WASHINGTON, Sept. 19 (Xinhua) -- JPMorgan Chase & Co. agreed to pay 920 million U.S. dollars to settle regulatory probes into its "London Whale" trading debacle which cost the company as huge as 6. 2 billion dollars in losses on trades in credit derivatives last year, U.S. and British financial regulators said on Thursday.
The largest U.S. bank by assets also admitted wrongdoing as part of its broad settlements with three U.S. regulators and the British Financial Conduct Authority, which charged the bank with misstating financial results and lacking effective controls to detect and prevent losses.
The U.S. Office of the Comptroller of the Currency levied the largest penalties among the regulators: 300 million dollars, while the Federal Reserve Board the U.S. Securities and Exchange Commission (SEC) each fined the bank 200 million dollars. The British regulator fined the company 220 million dollars.
The SEC also required a rare admission of wrongdoing.
JPMorgan admitted the facts underlying the SEC's charges, publicly acknowledging that it violated the federal securities laws. "The settlements are a major step in the firm's ongoing efforts to put these issues behind it," JPMorgan said in a statement.
Most wrongdoers have been settling charges without admitting misconduct for more than 40 years. From August, the SEC started to require admission of culpability in some cases, a sign that the Wall Street top cop will be tougher in the future.
"We have accepted responsibility and acknowledged our mistakes from the start, and we have learned from them and worked to fix them," JPMorgan CEO Jamie Dimon said. "We will continue to strive towards being considered the best bank -- across all measures -- not only by our shareholders and customers, but also by our regulators."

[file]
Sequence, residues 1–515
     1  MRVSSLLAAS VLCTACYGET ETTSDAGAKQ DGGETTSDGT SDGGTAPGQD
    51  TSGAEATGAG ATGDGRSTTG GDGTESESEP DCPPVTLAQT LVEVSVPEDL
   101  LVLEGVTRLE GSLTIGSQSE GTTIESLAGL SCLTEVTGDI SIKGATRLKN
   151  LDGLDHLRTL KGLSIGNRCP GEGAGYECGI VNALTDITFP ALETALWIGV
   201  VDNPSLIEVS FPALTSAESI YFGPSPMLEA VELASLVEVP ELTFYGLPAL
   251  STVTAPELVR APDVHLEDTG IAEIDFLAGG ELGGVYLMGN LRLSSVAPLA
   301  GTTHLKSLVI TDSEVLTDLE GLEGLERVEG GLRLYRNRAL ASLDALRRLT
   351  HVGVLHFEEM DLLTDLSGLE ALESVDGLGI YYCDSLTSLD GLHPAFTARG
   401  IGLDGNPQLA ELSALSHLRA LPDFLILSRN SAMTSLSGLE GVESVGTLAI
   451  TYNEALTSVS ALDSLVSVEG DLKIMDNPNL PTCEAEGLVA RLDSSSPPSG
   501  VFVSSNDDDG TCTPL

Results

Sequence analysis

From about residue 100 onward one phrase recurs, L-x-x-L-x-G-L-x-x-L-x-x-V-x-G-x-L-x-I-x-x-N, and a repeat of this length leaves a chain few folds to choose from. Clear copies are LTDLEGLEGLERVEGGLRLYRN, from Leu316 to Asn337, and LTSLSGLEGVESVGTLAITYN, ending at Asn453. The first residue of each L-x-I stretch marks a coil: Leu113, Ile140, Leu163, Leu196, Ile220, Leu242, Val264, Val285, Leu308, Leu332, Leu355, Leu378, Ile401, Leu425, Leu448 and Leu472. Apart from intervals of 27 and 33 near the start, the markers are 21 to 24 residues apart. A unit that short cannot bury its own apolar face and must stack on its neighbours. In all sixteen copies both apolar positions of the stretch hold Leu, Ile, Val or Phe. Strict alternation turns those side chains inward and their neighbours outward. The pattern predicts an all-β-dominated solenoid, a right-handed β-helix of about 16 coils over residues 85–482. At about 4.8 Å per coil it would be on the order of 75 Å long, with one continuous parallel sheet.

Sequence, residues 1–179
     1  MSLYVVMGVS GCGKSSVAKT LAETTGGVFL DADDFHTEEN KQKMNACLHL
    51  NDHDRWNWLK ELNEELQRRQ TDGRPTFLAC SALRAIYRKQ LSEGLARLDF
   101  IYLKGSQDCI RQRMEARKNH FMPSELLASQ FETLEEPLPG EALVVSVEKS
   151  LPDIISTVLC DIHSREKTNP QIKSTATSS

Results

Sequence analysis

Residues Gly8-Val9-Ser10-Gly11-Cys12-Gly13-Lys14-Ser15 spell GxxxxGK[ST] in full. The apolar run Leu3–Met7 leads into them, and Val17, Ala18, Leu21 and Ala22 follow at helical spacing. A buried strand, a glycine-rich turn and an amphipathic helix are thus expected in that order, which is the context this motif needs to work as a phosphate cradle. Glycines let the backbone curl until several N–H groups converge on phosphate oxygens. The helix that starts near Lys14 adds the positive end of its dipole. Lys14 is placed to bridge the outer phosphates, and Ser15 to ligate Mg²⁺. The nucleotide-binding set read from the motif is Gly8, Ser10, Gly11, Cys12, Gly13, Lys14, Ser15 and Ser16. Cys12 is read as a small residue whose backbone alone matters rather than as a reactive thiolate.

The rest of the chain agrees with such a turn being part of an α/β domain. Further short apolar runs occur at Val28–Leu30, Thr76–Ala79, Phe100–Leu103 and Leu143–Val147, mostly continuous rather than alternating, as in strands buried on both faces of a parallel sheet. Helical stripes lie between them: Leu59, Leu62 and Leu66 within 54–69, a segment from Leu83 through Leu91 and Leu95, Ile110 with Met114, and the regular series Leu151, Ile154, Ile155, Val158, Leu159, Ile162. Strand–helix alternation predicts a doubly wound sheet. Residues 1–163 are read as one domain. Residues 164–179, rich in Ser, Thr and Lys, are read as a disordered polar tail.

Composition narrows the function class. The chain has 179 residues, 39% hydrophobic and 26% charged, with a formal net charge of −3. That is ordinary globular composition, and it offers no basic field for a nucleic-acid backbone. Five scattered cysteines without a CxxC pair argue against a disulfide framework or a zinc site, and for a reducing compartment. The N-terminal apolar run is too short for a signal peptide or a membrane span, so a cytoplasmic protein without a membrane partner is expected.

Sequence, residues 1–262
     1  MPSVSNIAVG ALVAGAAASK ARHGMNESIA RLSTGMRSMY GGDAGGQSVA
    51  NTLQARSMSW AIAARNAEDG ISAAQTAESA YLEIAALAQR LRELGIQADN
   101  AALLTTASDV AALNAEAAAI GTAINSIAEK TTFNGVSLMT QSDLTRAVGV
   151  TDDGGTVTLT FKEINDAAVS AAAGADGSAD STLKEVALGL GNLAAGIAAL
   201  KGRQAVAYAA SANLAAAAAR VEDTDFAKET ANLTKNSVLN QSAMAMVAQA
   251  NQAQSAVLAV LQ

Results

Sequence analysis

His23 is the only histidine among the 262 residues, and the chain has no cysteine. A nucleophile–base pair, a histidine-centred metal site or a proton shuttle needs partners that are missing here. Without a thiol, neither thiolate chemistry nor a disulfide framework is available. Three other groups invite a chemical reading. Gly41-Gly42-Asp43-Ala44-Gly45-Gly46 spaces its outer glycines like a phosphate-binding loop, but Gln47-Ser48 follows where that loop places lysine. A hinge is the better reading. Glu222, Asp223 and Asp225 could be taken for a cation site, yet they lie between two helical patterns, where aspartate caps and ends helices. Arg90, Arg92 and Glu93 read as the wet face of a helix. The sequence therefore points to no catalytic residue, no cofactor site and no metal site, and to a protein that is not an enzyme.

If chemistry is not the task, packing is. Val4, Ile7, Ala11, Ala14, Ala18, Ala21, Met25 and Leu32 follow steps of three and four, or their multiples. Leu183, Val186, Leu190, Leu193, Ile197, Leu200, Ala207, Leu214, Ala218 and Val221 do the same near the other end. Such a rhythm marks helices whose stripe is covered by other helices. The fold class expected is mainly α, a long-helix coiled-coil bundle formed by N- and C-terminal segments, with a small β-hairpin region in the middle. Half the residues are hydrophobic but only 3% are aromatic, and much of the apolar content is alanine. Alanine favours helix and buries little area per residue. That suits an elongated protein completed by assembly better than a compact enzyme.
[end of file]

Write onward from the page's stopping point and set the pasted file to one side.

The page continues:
The bank said it cooperated extensively with each of these inquiries and continues to cooperate with ongoing inquiries, including the criminal prosecution by the U.S. Justice Department of two former traders.
Federal prosecutors in New York filed criminal charges of falsifying records to hide the losses last month against Javier Martin-Artajo and Julien Grout. Both traders, through their lawyers, have denied any wrongdoing.
But Bruno Iksil, a third trader known as the "London Whale" for the size of the derivatives trades he made, was not charged after gaining immunity in exchange for helping with the investigation.
NEW YORK, Aug. 14 (Xinhua) -- Two former JPMorgan Chase & Co. traders were charged Wednesday over last year's "London Whale" scandal, which cost the bank 6.2 billion dollars, Federal prosecutors said Wednesday. Full story
BEIJING, July 14 (Xinhuanet) -- JPMorgan Chase has revealed that some of its traders may have tried to conceal losses from a soured bet that has embarrassed the bank and cost it almost 6 billion US dollars. Full story
NEW YORK, July 13 (Xinhua) -- JPMorgan Chase announced on Friday that the losses caused by a trading blunder had cost the bank 4.4 billion U.S. dollars in the last three months, more than double its previous estimate. Full story